On the Republican side, Mr. Steele will easily win the primary. There may be closet racists out there that simply can't bring themselves to vote for a confident, strong, and effective black man, but they don't deserve more than a passing mention. One or two more generations, and they'll be gone, anyway.

Analysis: If Ben Cardin wins, and if immediately he and Mr. Mfume declare a united Democrat Party, Mr. Cardin looks to be the presumptive victor in November. If, however, any chinks in the party armor emerge on primary night (regardless of outcome), we may be celebrating the inauguration of Michael Steele as our next U.S. Senator.

The next federal race on the ballot is the 6th District Congressional seat, with popular incumbent Roscoe Bartlett seeking to return to the Capitol. He does face a primary challenge, Joe Krysztoforski from Baltimore County. Expect Mr. Krysztoforski to remain there after September 12.

On the Democrat ticket, what should have been a walk away turned into a real race. Former Army officer Andrew Duck, of Brunswick, looked to fit a mold being shaped by the Democrat Congressional Campaign Committee (DCCC), led by Illinois Rep. Rahm Emmanuel.

Mr. Emmanuel has re-energized the Democratic Party and has focused on finding these Iraq War vets. He even recruited one, retired Admiral Joe Sestak, to challenge my uncle, Rep. Curt Weldon, in Pennsylvania's 7th Congressional District. That race is very tight, even though Curt is vice chairman of both the House Armed Services and Homeland Security Committees.

The DCCC had recruited military veterans, preferably those with recent Iraq War experience, to challenge sitting GOP representatives and senators. Mr. Duck looked like the perfect choice; young, handsome, smart, and armed with plenty of photos of a camo-clad soldier holding a weapon in the desert.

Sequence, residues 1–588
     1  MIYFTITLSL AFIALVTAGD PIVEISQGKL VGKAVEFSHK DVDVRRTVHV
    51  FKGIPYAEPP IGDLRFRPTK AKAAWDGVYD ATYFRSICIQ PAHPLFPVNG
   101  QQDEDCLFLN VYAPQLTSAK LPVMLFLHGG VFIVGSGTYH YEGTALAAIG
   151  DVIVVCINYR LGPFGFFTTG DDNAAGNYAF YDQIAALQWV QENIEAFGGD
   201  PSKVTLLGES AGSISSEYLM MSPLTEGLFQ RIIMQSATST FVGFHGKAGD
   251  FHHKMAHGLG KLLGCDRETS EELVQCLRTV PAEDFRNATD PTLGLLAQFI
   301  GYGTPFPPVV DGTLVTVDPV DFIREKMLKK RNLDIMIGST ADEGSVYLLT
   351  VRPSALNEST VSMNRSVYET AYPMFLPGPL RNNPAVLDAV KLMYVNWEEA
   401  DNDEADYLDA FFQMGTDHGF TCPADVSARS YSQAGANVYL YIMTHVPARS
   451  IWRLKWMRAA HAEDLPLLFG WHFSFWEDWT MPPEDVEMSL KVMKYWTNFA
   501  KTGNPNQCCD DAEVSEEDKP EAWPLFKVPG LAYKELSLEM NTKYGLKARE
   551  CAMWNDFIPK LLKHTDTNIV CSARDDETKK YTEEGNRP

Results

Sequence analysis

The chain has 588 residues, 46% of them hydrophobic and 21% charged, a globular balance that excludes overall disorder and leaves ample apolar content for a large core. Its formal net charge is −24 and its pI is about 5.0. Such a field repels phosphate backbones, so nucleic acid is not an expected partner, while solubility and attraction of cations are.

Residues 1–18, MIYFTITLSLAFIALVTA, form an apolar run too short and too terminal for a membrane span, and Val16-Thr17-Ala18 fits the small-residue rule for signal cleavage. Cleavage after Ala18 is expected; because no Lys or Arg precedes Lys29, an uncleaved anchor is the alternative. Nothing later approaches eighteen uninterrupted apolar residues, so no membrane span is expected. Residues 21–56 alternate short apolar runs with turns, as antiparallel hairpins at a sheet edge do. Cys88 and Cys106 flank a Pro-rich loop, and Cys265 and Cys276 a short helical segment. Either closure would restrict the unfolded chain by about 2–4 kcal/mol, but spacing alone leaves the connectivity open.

Into this seemingly perfect scenario strode local attorney and activist Barry Kissin. Barry has established a reputation as a voice for peace and social justice over the years, so no one can call him a newcomer.

Barry's take on Iraq is of the "get out now, consequences be damned" variety. As expected, Mr. Duck suggests a more cautious approach, actually having been there and seen the consequences.

This reminds one of the Senate race in Connecticut, where newcomer Ned Lamont defeated long-time Sen. Joe Lieberman in the Democrat primary. Clearly, no one in the DCCC anticipated that Mr. Duck would be defending himself against a radical liberal as being to hawkish on Iraq.

While traditional liberals flock to this anti-war message, it looks like Connecticut voters are on the verge of sending Senator Lieberman back to Washington as an Independent. That same phenomenon could hurt Mr. Duck, who would have benefited greatly from a united Democrat vote in the primary.

All of this makes interesting political reading for junkies like us, but the simple fact is that the 6th Congressional District is nothing like Connecticut.

Analysis: Andrew Duck should win the primary, but it won't make the least bit of difference. Count on the re-election of Rep. Roscoe Bartlett, the only question is by how much of the vote.

Next up: Statewide races, including governor, attorney general, and comptroller.

* In My Humble Opinion